Like many manga fans, I pre-ordered My Lesbian Experience With Loneliness (affiliate link) and devoured it as soon as it arrived. The autobiographical story of a woman struggling with depression while coming to terms with her sexuality, it’s one many people will relate to. If the purpose of your writing is to make other people feel something, this is your literary role model.
Author Kabi Nagata does not sugarcoat her darkest moments. The sort of thing I’d be too embarrassed or ashamed to share, she exposes in fine detail: an eating disorder that had her binging between shifts as a supermarket cashier, a bald spot she has on the back of her head (presumably from compulsively pulling her hair out) is bared to the world.
But the manga concludes on a high note. Nagata is taking care of herself. She’s writing the manga she’s always wanted to. And best of all, the very autobiographical comic we’re reading has gone viral, opening up new opportunities to her for the first time.
That’s not a spoiler. Even before you open the manga, the back cover accolades gush about its reception. It’s beautifully drawn, perceptive and attuned to Nagata’s moods—from melancholic to hopeful to humorously confused. You can’t do work like this when you’re down. The very fact that we’re holding this manga in our hands is Nagata’s triumph in action.
This manga’s lowest points are made bearable by this distance, too. I’d recommend this manga even to people who are in the midst of depression right now, because it never wallows in the alleged “glamour” of depression. It shows the light at the end of the tunnel.
Nagata wrote her best work at a time where she was finally able to do so. MLEL is successful in a big part because Nagata waited until she was ready—for the right time to share this story.
Jocelyne Allen’s English translation is intimate and colloquial, so the reader feels like a cooperative party in Nagata’s road to recovery. The central action of the manga—Nagata’s hiring of a female escort—is really just a vehicle to show her recovery in action. Her discovery in the bedroom (about how sex is less about having a “working crotch” and more about communication) show that she’s newly self-aware of how far she still has to go, pondering questions about human interaction and happiness she was too low to consider before.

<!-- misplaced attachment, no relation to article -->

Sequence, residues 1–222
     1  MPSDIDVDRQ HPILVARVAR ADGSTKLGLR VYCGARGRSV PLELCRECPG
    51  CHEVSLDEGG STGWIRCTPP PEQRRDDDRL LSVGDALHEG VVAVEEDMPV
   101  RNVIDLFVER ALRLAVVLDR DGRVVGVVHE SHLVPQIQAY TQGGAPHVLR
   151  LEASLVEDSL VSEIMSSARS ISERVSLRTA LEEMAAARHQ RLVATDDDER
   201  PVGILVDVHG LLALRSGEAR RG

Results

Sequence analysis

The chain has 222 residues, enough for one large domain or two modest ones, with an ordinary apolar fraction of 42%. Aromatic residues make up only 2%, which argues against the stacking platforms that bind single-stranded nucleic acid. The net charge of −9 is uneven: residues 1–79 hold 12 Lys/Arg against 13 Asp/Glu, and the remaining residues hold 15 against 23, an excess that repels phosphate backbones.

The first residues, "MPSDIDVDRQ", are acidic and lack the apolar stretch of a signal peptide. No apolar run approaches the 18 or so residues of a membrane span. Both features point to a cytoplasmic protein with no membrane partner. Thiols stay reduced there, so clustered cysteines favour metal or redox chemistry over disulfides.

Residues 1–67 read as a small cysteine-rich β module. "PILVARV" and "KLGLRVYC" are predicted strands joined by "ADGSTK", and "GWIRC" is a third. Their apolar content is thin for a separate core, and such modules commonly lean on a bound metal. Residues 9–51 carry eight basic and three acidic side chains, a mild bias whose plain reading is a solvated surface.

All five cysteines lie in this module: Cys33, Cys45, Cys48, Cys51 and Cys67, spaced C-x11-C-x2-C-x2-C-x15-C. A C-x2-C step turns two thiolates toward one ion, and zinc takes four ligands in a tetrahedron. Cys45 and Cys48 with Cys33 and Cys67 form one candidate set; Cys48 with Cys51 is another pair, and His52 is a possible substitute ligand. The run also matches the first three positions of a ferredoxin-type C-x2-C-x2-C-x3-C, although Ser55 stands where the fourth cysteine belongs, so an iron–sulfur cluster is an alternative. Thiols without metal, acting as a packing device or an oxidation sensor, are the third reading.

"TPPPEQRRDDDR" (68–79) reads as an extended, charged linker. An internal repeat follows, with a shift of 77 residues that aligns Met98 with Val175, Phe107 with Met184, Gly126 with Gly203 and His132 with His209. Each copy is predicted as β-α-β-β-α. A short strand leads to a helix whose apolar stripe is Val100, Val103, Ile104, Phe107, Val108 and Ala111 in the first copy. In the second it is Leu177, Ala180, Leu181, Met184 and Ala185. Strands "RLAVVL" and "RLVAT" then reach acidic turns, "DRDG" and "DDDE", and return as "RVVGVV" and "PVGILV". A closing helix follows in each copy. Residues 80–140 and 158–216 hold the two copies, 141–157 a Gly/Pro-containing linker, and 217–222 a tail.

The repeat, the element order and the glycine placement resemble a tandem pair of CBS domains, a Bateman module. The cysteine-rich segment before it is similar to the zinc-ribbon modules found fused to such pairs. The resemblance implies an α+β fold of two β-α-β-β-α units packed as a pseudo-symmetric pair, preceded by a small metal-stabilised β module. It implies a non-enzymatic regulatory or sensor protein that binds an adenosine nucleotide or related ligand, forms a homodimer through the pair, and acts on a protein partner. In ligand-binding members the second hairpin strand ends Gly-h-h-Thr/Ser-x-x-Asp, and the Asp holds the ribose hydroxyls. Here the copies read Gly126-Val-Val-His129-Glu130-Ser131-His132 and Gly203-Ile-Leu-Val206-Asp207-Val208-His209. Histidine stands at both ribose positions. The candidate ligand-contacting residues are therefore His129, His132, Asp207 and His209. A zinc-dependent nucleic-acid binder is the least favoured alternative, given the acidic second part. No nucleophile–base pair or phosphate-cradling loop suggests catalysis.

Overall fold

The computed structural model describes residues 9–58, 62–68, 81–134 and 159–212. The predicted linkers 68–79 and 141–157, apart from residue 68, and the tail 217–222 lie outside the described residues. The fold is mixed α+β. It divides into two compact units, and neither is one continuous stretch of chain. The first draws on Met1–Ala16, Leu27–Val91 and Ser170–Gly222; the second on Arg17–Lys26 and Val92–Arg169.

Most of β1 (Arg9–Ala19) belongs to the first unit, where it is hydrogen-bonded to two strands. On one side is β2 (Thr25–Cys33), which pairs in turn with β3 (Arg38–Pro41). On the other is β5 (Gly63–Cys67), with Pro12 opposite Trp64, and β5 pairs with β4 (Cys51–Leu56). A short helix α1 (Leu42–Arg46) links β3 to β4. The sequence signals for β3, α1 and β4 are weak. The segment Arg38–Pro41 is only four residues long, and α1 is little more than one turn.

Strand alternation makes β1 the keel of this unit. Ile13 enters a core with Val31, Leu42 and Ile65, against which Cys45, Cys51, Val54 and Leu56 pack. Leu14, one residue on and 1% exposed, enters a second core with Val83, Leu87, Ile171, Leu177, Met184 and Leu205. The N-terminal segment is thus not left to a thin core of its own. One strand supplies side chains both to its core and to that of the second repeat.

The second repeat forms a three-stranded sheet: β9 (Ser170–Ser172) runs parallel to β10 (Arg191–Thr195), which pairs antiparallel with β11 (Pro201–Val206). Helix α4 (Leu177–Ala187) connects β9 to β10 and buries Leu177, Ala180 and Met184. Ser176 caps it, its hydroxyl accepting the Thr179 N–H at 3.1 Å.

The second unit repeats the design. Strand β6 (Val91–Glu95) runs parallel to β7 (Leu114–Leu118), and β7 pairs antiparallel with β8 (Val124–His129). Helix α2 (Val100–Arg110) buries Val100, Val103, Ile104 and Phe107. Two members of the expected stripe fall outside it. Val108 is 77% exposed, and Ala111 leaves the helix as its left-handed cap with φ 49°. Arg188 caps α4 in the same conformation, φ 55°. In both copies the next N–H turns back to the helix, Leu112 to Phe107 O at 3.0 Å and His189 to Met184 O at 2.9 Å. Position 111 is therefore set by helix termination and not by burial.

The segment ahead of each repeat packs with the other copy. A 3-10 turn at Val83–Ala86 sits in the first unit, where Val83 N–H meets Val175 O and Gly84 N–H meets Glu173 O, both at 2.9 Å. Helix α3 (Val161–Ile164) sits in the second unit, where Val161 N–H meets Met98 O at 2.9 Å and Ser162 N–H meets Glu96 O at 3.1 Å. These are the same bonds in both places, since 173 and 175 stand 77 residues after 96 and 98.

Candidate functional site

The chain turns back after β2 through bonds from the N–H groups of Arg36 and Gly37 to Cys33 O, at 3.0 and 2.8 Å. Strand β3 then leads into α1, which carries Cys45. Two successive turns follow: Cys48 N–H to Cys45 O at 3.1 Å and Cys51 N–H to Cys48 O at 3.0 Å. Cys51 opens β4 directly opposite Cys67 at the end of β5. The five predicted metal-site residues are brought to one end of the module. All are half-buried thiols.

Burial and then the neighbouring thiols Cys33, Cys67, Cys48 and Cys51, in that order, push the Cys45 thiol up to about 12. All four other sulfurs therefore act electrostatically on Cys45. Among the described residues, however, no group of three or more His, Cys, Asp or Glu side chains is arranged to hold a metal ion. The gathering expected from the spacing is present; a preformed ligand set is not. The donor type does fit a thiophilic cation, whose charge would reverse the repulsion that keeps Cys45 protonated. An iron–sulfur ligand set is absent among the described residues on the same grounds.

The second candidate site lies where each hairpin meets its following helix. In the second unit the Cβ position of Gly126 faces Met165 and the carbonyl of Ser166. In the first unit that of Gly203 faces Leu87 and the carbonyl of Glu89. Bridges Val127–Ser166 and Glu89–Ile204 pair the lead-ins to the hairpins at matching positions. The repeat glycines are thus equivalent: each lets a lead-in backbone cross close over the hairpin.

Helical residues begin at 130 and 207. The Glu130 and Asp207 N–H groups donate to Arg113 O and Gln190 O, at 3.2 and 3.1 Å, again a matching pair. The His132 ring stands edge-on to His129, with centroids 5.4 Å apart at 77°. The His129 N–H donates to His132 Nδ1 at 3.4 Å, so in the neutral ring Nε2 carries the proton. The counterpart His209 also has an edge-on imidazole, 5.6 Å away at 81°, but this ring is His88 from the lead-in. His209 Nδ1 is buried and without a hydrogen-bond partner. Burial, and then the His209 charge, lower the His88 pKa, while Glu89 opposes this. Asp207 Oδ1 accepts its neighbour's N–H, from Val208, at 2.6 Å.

What’s more, she didn’t ask permission to share this story. She just started drawing her manga and putting it up on the online art community Pixiv. “Don’t ask for permission” is exactly the advice I’ve been giving aspiring writers for years. Editors are vital for refining your idea, but not for instigating it—do you really think some editor you’ve never met knows your story better than you do? Only the author can decide when it’s time to share a story for the first time.
And predictably, Nagata’s decision to bypass approval worked in her favor: “… at that point, I didn’t have to push my work out into the world. The publishing world came to me,” she says in the manga. And she wouldn’t have been ready for it a moment sooner.
By the time Nagata was ready to share this personal story, she knew what she was about: “I want to write… Stuff that shakes people up. Stories about my true self!”
Despite the cute colloquialisms saying otherwise, life isn’t anything like a story. The only real beginning is when you’re born and the only real end is when you die. In the meantime, you can choose to segment bits and pieces into stories to own and share wherever you like. That’s the real triumph of My Lesbian Experience With Loneliness: our perception of Nagata’s agency. She’s framed her lowest life experiences as a transformative success story.
The only difference between a good ending and a bad one is when you choose to share it. If you’re in the middle of a rough spot, consider that perhaps you’re not at the end yet. Even if you’ve been through bad experiences, you can choose to tell your story from a high place, giving you the perspective to observe (and even laugh at) your shortcomings.
If you want to tell stories that move people, you already have the material you need in your own life experiences. It’s up to you to frame them from any position you want.
Photo by Fredrik Rubensson